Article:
Wednesday, December 3, 2008

BeauSoleil Home: A Day in the Life...

Solar Decathlon Update: Every two years 20 university teams are chosen, based on proposals, to design an all-solar home and assemble it on the National Mall in Washington DC for public viewing and judging. Check back each Wednesday as the NAV Blog reports on the process of the design and construction of BeauSoleil, the University of Louisiana at Lafayette's entry. For more info about the project, visit their website at ttp:// And check out short film about the project here:

A day in the life of the BeauSoleil Home would go something like this: One awakens in a bed which is arranged according to feng shui, facing the door to the east. Light can be modulated to enter the space with rolling blinds or exterior louvered shutters. After getting-up, your bed can be folded into the wall immediately enlarging and transforming the bedroom to a studio. Cabinetry and a desk allow for easy and efficient storage of clothing and office supplies.

The bathroom provides a buffer between the public living area and private bedroom area and allows one to access the bathroom without venturing into the living area. When entering the bathroom one is struck by the luminosity of the polycarbonate walls bathing the space in light. The warm and bright colors and tile convey a feeling of spaciousness and cleanliness. The plumbing fixtures and accessories are designed to accommodate the disabled and everyone else as they age through universal design strategies. The open shower is spacious and bright and has high windows for ventilation.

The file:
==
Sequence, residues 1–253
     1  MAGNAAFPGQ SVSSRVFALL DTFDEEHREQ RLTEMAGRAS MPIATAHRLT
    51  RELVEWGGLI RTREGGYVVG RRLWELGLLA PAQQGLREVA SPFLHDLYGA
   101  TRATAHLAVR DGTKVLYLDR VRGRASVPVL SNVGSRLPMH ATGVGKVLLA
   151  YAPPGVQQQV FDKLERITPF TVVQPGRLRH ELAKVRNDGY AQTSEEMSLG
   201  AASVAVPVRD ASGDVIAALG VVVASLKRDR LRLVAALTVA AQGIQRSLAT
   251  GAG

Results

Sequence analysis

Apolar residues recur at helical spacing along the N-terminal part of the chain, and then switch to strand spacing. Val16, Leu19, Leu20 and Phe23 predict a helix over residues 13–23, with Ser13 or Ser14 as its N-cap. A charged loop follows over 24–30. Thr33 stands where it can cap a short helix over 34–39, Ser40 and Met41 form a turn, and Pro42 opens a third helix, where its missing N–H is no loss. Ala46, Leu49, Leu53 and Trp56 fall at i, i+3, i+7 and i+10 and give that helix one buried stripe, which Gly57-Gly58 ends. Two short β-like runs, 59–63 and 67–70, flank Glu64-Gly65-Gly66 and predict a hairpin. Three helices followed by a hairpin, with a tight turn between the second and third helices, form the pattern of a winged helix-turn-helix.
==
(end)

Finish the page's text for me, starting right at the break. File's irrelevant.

Both the natural light and ventilation limit the growth of mold which is a major problem in Louisiana. An efficient yet generous medicine cabinet places one's toiletries and make-up close at hand and a lavatory counter tray increases this valuable real estate. After bathing, one walks through the living room and outside through the Transitional Porch (unless the weather requires this space to open to the interior.) By moving through the Transitional Porch one is immediately put in close contact and appreciation of nature and simply the climate of the day. The Transitional porch allows the kitchen to be separated from the main body of the house thus prohibiting the heat of cooking to migrate.

Additionally, the kitchen can be shut down at night or at other times it is not needed, conserving energy. The kitchen is very large for an 800 square foot house and this is no accident. Cajuns take great pride in their cooking and entertaining in their kitchens. Our kitchen embraces this culture of entertaining and cooking. The vertical volume of the kitchen is also the largest which again glorifies and celebrates the important space. A second set of high north clerestory windows allows for passive ventilation. Convenient placement of appliances and cabinets in the kitchen make this space highly functional. A vertical herb garden on the Kitchen porch allows one to get spices and herbs immediately during cooking. After making breakfast, one can sit at the kitchen counter or dine AL Fresco on the Transitional Porch. If you have a guest staying with you, they can sleep in the Transitional porch which can be separated with the sliding glass doors.

When you go to work, your house is working for you generating electricity and selling it back to the grid. When you get home at night the BeauSoleil home is waiting to greet you with programmed lighting levels. As the sun sets, BeauSoleil prepares for the next day.

Geoff Gjertson, AIA

TEAM BeauSoleil Faculty Coordinator

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